As the mug shots example suggests, algorithmic power isn’t necessarily det- rimental to people; it can also act as a positive force. The intent here is not to demonize algorithms, but to recognize that they operate with biases like the rest of us.4 And they can make mistakes. What we generally lack as a public is clarity about how algorithms exercise their power over us. With that clarity comes an increased ability to publicly debate and dialogue the merits of any particular algorithmic power. While legal codes are available for us to read, algorithmic codes are more opaque, hidden behind layers of technical complexity. How can we characterize the power that various algorithms may exert on us? And how can we better understand when algo- rithms might be wronging us? What should be the role of journalists in holding that power to account?"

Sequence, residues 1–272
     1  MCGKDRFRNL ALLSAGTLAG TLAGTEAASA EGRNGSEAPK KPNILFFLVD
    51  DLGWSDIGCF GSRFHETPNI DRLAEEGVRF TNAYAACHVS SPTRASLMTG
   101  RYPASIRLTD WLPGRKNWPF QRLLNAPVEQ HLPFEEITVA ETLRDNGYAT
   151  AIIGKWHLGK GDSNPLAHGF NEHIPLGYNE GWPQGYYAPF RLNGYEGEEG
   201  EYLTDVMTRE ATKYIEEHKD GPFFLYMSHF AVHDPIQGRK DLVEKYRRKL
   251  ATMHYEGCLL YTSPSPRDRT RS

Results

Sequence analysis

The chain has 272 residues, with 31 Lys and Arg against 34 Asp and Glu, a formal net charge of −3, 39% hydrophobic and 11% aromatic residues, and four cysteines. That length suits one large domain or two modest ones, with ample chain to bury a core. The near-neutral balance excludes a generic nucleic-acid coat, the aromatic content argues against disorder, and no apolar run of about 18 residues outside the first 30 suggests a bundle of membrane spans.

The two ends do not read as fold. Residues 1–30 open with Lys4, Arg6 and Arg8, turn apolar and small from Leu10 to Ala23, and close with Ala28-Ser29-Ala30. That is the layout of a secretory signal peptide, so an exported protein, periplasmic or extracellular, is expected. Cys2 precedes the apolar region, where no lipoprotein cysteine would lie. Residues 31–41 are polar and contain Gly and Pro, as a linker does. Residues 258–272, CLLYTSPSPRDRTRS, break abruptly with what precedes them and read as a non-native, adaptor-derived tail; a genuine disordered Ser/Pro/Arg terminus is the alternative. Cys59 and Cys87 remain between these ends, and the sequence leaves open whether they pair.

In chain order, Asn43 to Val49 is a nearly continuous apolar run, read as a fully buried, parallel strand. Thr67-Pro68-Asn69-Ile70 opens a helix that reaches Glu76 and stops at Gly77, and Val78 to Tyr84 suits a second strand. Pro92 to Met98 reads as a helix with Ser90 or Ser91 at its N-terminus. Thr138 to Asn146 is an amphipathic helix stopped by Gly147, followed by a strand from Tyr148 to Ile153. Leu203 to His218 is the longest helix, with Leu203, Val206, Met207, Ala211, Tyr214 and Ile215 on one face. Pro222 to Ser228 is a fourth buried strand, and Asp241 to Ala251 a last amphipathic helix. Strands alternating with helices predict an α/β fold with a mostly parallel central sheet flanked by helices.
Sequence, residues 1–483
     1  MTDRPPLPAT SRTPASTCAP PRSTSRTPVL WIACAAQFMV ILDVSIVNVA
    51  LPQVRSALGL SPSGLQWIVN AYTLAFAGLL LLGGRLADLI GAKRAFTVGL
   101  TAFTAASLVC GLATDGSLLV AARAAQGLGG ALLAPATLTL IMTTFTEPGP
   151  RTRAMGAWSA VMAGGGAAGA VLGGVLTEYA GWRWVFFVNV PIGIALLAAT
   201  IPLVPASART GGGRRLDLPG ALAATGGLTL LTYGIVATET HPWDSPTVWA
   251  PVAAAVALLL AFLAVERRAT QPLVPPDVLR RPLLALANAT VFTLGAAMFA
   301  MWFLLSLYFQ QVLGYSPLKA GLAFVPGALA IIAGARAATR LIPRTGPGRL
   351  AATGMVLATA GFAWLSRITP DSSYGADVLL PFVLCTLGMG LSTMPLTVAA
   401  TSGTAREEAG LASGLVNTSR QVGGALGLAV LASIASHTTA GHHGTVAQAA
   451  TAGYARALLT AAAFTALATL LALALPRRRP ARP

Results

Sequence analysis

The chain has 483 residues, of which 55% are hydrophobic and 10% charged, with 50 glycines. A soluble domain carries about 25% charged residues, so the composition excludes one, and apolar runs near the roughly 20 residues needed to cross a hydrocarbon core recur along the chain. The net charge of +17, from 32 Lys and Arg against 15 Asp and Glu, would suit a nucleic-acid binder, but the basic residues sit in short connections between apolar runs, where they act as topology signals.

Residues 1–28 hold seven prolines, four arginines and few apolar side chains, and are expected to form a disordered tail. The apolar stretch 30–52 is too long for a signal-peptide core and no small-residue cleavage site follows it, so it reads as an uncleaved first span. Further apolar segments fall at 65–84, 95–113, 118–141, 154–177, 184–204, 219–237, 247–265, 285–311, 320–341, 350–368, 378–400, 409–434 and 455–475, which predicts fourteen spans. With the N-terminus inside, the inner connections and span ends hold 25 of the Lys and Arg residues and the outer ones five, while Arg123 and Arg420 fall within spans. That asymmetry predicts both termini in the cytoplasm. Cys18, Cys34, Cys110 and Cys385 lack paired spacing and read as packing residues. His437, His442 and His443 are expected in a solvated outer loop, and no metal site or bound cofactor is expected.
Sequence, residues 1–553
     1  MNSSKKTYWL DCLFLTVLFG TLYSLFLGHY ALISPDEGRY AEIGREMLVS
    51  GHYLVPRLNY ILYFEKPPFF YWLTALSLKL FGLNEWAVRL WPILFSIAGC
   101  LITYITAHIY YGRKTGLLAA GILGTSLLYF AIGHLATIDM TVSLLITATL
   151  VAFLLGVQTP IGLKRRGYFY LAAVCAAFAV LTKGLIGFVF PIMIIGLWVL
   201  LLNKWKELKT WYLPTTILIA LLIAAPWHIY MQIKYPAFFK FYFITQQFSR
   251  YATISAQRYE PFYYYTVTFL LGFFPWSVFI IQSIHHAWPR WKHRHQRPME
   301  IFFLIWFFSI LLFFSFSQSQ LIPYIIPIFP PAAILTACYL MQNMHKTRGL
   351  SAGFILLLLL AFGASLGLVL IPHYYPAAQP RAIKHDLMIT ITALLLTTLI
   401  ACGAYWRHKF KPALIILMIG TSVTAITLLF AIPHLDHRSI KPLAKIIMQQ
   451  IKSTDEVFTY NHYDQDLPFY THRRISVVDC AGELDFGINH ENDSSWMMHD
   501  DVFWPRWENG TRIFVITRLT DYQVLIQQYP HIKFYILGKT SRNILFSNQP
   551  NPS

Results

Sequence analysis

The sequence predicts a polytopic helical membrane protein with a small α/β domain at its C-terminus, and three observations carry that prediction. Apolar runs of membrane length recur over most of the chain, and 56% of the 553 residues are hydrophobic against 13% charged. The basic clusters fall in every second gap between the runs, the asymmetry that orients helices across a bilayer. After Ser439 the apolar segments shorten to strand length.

"As economic inequalities have skyrocketed in the United States, many reformers are tempted to believe that reining in the top one percent is the chief challenge that must be faced to revitalize American democracy. Movements that pit the 99% against the super-rich one percent seem to be the way forward. But the best recent research on the political as well as social damage done by America’s late-twentieth-century incarceration and surveillance boom shows that the rich are not the only ones set apart in U.S. politics. Mass incarceration has been part of a broad disciplinary turn in U.S. policies toward the poor – a set of punitive policies that have created a vast class of marginalized, stigmatized, and supervised semi-citizens. Efforts to build a more vibrant democracy in America cannot succeed so long these pummeled and marginalized communities are ignored."